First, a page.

much planning was in that but there was certainly a good message there
that I’m not here just to sit in I’m here to show you what an American can
Ryan: Yeah I think you know having watched the race last year. I noticed that
everyone was just kind of watching one guy Robert Cheruiyot out I think
1 I think 3 or four times and they’re just watching to see what he is going
to do and he’s just totally addicting racing him out if he’s sitting in the
back or if he’s in the front there it is running his race and I think that’s a
mistake. I think we all got to run our own race out there regardless of
where we are in the competition.
Like my coach gave me some really great advice. He’s like just be you out
three and be the best view you can be on the day and everything is going
to be fine and so it was like if my personality is to go out there and push
the pace and make it hard from the beginning then go out and push the
pace don’t worry about it if its Robert Cheruiyot and you know all these
guys who run really well like go out and be you so that was I was trying to
Interviewer: And throughout that race again it was one of those things where the
surging seemed pretty intense in being a taller guy it seems like the wind
was something that was a little bit of a problem out there.
Ryan: Yeah the bummer about Boston is your still in one direction you know so
if the wind is against you its against you the whole way so after you know
6-7 miles of taking the way I had decided it wasn’t probably a good idea
to leave the whole thing into the wind so I had to kind of adjust my plants
and then once you slow down it kind of puts juice back in everyone’s legs
and allows people to do some surging the African guys in particular love
to run that type of race so they threw down some crazy heart surging yeah.
At times it felt like we’re running a mile race so it was intense.
Interviewer: And you went out and pre-ran the course. You ran the last 20 of that
course was it a couple of months before hand just to get a sense of it.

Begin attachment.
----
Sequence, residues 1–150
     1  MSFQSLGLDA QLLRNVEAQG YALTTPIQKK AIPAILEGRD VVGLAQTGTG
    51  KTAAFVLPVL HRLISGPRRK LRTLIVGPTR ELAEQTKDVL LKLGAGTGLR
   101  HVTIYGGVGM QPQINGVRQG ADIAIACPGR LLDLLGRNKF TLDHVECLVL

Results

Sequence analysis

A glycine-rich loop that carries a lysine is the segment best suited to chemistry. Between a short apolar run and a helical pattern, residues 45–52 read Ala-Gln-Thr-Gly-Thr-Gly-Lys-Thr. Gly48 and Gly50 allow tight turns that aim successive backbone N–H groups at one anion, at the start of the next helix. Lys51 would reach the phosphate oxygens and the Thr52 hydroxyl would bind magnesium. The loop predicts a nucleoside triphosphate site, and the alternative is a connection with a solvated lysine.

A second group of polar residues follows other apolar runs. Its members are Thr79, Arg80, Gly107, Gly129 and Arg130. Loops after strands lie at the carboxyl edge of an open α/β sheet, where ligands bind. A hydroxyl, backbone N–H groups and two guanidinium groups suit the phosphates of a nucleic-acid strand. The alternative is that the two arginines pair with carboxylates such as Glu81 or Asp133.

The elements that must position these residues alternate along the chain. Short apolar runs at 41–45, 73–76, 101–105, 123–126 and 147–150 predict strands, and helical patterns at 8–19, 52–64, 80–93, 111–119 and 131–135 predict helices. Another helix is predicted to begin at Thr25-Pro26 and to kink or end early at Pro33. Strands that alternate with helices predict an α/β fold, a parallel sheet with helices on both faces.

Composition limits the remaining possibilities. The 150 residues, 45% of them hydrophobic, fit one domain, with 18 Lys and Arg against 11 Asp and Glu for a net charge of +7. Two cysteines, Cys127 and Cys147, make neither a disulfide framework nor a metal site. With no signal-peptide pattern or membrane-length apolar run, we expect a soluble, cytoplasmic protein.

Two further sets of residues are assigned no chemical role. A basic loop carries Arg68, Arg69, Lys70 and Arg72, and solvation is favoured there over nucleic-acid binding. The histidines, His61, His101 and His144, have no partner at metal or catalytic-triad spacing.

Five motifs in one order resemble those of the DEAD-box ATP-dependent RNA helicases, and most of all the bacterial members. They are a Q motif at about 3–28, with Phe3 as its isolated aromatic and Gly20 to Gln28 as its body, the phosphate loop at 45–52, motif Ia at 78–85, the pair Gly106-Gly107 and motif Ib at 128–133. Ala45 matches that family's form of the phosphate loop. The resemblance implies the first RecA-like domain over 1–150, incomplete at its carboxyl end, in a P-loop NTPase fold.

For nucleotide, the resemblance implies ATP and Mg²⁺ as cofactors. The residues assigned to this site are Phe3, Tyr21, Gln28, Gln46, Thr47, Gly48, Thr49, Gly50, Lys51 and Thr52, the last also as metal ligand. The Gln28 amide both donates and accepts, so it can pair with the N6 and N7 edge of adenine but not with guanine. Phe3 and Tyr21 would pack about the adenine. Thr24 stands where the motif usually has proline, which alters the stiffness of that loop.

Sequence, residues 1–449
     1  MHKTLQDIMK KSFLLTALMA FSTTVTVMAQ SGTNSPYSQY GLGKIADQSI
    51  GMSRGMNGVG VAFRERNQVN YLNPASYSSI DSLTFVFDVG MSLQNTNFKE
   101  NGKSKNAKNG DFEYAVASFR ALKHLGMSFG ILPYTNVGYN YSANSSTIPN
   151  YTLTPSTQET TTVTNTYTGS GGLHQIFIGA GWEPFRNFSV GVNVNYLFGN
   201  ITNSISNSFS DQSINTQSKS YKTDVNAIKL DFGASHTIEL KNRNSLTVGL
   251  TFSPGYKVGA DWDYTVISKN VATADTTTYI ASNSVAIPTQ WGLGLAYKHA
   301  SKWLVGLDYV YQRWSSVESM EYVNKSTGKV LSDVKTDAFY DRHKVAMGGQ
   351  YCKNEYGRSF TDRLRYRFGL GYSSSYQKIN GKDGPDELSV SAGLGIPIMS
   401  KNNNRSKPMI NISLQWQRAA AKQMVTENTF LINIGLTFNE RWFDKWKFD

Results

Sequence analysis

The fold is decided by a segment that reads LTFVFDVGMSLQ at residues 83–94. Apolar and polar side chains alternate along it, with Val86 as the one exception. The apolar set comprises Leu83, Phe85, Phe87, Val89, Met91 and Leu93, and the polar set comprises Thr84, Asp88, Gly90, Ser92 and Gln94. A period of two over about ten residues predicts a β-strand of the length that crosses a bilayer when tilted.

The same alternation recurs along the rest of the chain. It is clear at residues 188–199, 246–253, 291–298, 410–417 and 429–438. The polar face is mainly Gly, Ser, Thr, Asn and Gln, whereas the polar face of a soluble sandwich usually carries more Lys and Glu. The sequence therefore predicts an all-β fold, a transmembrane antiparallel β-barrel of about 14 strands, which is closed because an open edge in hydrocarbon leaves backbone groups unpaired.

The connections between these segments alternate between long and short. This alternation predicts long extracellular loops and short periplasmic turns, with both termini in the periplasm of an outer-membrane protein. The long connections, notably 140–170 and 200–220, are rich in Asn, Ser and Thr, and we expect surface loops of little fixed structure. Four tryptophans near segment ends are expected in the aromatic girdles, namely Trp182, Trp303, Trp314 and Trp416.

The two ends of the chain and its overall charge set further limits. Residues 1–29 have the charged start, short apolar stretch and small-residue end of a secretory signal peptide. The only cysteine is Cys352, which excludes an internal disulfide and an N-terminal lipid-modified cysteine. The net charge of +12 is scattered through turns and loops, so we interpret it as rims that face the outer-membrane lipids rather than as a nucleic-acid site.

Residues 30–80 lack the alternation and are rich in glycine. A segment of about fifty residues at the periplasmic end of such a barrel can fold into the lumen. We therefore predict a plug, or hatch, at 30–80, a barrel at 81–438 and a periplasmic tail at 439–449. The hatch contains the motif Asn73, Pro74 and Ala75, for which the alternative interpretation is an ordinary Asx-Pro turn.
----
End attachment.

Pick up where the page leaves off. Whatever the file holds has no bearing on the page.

Ryan: Yeah it was like a month before.
Interviewer: And did that help you on race day.
Ryan: It definitely helps to see a course before you race it. I think more from like
the training standpoint probably the most from that, that’s important
because I go back home and I run courses that simulate those last 20 miles
and then just being able to visualize the course I think its huge so it
definitely helps a lot to have run course. I mean its best to have race the
course before so going back again you know hopefully next year
whenever I end up doing it again it will all definitely run it a lot better I
think having raced it before.
Interviewer: You mentioned that for Americans to be you know consider the best its
important for someone like yourself to be in the races that are under the
biggest spotlight. They’re on the biggest stages and windows races. New
York, Boston, Chicago, London. That seems to be your head that its yeah I
can go you know jump into a Portland Marathon and win some stuff but
you want to go head to head with the best guys in the world?
Ryan: Yeah I just feel like it gives me the biggest platform you know to get to
share with you guys. To get to make an impact with what I’m doing
because at the end of the day I’m might win a few races maybe and you
know like I want to leave a lasting legacy that’s what I’m trying to do so
we’re trying to figure out both my wife and I how we can inspire other
people to run for a cause you know.
Ryan: We love like team world vision. We got to be involved then. We’ve got to
go to African and see the work they do over there and there’s tons of great
charities out there you know so I’m like I’m just trying to encourage
people and find a way to better do it but to run for a cause you know
because it has brought so much more meaning to my running and I want to
do the same for others.
Olympic Marathon Runner Ryan Hall Interview Part 3/5